Sunday, 23 April 2017
What I miss most about having moved from South Africa to Jerusalem, is my garden. The absolute greenness of it. The profusion of flowers all in pastel shades of blue, pink, mauve and some purple, soft butter yellow and bright shining white. I miss the birds that visited every day and who came to splash in my two bird baths, from the tiny white eyes to the large and noisy hadedas. I have photographs of a hadeda standing in one of the baths on a particularly hot day. He stood perfectly still for over an hour whilst his partner shouted at him from below. It was very entertaining. I miss the butterflies, the bees and even the cheeky squirrels who would come right up to my patio steps looking for treats. I collected acorns for them, which they loved and did not forget, from one year to the next.
I miss my pet spider, who made the largest and most intricate golden web. It stretched across one of the pillars on the patio and was attached to a bamboo wind chime on the other side. She was there for more than a year and I was very careful not to disturb her.
But most of all, I miss the peace. It was just the most tranquil of places. Everyone said so. It was a quiet oasis not far from a busy road and yet shielded from the noise by the high hedges and several big old trees.
The house next door was where I had often played as a child, with the granddaughter of the owner, who just happened to be an old friend of my father's family. In fact, my father's boyhood home was just one block away and I always thought how very strange that was. That I should have come down from Central Africa and eventually, year's later, bought my home in a complex built on land that I knew so well from my childhood. My parents said that it was meant to be and I agreed with them. I felt safe there and cocooned. I had made the garden into a perfect picture, a living picture, always changing as the seasons changed and yet always filled with a certain magic. It was definitely where I belonged and yet, after sixteen years, it was time to move on.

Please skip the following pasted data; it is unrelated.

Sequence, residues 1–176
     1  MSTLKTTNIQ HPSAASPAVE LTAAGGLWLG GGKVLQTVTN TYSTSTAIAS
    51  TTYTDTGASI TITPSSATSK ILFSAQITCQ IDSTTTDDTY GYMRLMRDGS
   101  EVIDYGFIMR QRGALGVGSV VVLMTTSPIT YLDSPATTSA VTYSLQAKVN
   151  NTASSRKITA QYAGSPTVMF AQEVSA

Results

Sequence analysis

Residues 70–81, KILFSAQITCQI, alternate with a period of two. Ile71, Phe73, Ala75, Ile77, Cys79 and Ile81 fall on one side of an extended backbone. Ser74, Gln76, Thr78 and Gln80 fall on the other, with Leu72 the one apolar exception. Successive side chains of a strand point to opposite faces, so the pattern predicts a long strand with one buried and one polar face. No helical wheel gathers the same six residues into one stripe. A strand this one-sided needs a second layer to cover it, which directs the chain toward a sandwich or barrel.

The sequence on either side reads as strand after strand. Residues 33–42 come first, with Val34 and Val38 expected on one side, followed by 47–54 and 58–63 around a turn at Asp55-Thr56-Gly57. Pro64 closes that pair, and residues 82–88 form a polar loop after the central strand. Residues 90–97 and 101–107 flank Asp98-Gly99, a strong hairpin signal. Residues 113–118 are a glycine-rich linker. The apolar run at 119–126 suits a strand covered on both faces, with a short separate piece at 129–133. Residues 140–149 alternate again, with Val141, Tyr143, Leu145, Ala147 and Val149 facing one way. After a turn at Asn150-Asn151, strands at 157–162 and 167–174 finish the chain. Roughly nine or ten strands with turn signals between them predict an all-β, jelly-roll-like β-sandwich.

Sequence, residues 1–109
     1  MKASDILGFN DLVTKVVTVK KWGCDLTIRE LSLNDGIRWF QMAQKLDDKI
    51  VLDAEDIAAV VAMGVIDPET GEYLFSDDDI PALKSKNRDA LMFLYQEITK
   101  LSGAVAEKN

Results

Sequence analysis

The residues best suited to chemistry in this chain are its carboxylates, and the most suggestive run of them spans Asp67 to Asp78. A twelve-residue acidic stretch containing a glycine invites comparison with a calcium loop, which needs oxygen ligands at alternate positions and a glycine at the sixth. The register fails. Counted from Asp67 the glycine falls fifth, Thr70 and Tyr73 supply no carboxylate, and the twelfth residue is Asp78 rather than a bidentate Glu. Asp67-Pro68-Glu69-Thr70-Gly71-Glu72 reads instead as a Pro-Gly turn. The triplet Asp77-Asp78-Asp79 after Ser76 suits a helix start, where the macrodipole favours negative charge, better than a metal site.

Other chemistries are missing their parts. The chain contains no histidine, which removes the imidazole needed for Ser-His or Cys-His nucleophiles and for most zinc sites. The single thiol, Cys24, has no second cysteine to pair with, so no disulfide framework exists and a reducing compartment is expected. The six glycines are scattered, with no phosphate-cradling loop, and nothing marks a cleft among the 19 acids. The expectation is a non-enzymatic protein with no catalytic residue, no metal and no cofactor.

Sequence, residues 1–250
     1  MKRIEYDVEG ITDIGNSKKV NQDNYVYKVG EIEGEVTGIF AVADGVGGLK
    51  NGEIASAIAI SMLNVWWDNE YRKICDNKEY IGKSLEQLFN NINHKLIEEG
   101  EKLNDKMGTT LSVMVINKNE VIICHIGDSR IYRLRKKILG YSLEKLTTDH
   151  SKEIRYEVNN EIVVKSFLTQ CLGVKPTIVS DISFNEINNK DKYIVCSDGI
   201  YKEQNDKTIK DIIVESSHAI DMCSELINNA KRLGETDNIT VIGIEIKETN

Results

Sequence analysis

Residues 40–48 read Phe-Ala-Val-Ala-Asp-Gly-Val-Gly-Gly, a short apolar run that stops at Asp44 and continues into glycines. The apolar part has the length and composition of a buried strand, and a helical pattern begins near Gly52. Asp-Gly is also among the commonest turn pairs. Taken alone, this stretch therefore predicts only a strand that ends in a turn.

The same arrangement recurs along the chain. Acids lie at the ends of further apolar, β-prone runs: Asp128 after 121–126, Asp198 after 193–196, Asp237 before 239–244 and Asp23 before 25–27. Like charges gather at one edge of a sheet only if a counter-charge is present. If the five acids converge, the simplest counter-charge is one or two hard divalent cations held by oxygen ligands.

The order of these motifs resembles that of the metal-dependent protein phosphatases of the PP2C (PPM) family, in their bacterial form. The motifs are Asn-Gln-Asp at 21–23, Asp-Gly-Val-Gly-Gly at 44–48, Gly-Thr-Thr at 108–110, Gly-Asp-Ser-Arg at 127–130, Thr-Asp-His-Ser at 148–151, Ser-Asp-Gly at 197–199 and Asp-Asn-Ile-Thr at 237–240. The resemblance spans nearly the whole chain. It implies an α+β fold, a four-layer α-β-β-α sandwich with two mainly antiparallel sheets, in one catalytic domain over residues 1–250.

I will always miss my garden, my perfect little patch of beauty. My own small world which I had hoped to keep forever, but it was not to be. I now live in an apartment five floors up. It does have a small balcony where I have put a few pot plants. I have a wonderful view over Jerusalem and the biggest bonus of all, my daughter and her husband live just downstairs. This is my home now and I am grateful for it every day. Who knows what the future holds? Perhaps one day I will be blessed to have another beautiful garden. In the meantime, I have the use of a green and quiet park, just five minutes away and of course, my memories..
This post is written by Rosemary Kahn, retired teacher, freelance writer and author of Grandma's Hat, Naomi's Tonsils, Why Unicorns Eat Lavender, Relationships and a number of School Readers
Monday, 3 April 2017
I have just finished reading the updated version of Shoshanah Shear's book "Healing Your Life Through Activity." What an excellent read it is! I can thoroughly recommend it to anyone in the medical profession; those who are about to start any university course to do with medicine; for pharmacists (especially those pharmacies that stock assistive devices and wheelchairs); first aiders; housewives and even house husbands. We never know from day to day, what the future holds for us. This book is a step in the direction of "being prepared."
R.A. Kahn, retired teacher and published author